Rome (AFP) – President Sergio Mattarella’s last-ditch attempt to broker a government appeared to fall flat Monday, putting Italy on course for a caretaker government or even fresh polls just two months after inconclusive elections.
A right-wing coalition led by the far-right League party topped the March 4 polls with 37 percent of the vote, while the anti-establishment Five Star Movement (M5S) became Italy’s largest single party with almost 33 percent.
Neither group has the numbers to form a majority government and both have been tussling for power since the election.
Over the weekend the M5S leader, Luigi Di Maio and League chief Matteo Salvini seemed to have made some progress but after a new round of consultations with the president Monday, deadlock appeared insurmountable.
Speaking after his meeting with Mattarella, Di Maio said he was willing to forgo the premiership in order to come to an accord with the League.
“I am prepared to choose a different prime minister who would forge a government contract (with the League),” he said.
– The Berlusconi factor –
But for any potential deal to work, Di Maio insists that Salvini’s coalition partner, former premier Silvio Berlusconi and his Forza Italia party must play no role in the new government, limiting themselves to outside support only.
The M5S regards Berlusconi’s party as the symbol of Italy’s political corruption.
Di Maio also stated that his party would refuse to back a caretaker government and that if no majority emerged the country must “return to the polls,” a stance he shares with League leader Salvini.
Following his meeting with the president, Salvini also declared that he was ready to “participate in a new government which would start to solve the country’s problems.”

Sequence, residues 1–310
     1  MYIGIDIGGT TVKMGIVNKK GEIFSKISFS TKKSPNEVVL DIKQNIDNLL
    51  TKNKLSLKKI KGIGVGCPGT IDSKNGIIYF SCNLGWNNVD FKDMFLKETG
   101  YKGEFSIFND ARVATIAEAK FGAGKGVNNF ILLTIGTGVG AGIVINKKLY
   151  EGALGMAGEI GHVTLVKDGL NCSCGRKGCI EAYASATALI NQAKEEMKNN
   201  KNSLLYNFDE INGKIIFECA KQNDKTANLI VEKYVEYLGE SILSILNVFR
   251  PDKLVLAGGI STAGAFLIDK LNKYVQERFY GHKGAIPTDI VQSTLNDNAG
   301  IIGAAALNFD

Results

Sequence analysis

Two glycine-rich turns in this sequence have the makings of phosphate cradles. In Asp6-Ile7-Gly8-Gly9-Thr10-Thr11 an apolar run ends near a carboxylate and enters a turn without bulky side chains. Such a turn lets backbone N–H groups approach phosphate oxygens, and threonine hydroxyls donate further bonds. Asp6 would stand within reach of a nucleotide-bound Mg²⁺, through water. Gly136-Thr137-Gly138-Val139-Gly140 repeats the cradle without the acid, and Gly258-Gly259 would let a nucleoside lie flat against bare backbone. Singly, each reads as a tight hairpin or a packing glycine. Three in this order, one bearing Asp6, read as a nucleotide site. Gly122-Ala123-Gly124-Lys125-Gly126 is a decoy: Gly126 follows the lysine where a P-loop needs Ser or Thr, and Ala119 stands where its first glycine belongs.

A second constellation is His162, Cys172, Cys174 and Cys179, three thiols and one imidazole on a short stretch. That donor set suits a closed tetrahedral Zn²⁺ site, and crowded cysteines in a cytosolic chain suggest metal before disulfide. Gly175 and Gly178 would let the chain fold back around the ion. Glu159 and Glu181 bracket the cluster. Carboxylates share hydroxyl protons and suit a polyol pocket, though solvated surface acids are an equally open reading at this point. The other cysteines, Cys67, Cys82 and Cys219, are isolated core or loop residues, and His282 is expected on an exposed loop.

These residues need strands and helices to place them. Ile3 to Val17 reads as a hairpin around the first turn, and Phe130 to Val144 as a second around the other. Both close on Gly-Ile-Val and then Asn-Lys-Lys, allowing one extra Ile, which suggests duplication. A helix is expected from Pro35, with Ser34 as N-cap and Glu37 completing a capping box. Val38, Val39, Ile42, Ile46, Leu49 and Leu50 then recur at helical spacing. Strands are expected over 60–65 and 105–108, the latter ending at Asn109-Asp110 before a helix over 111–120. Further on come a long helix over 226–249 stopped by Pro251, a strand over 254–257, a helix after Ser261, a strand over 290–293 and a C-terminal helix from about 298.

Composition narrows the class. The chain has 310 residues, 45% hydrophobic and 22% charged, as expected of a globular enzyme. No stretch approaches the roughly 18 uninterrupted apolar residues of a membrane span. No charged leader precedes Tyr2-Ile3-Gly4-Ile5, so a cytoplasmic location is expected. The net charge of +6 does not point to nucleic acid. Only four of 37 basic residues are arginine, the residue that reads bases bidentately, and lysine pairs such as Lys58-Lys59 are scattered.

But he remained firm in his refusal to break up his coalition and ditch Berlusconi.
Instead he proposed he be given a mandate to form a minority government which would need the support of a few dozen MPs from smaller parties in parliament.
Press reports suggest Mattarella would be unlikely to do so without guarantees a majority could be reached.
The President is expected to name a caretaker government, similar to that of economist Mario Monti from 2011 to 2013, that would be tasked with restoring Italy’s role on the world stage and running the country at least until the 2019 budget is passed.
He is thought to be looking for a neutral but competent figure, perhaps a woman, with press speculation running wild.
But with M5S and the League staunchly opposed to the idea, putting together a caretaker government will be no easy feat.
Lina Palmerini, analyst at the business daily Il Sole 24 Ore, said Mattarella has few options, warning: “If parliament rejects the president’s government, the situation will be very difficult.”
Pollster Lorenzo Pregliasco said voter surveys suggested new elections would not change the balance of forces. “No one will win a majority.”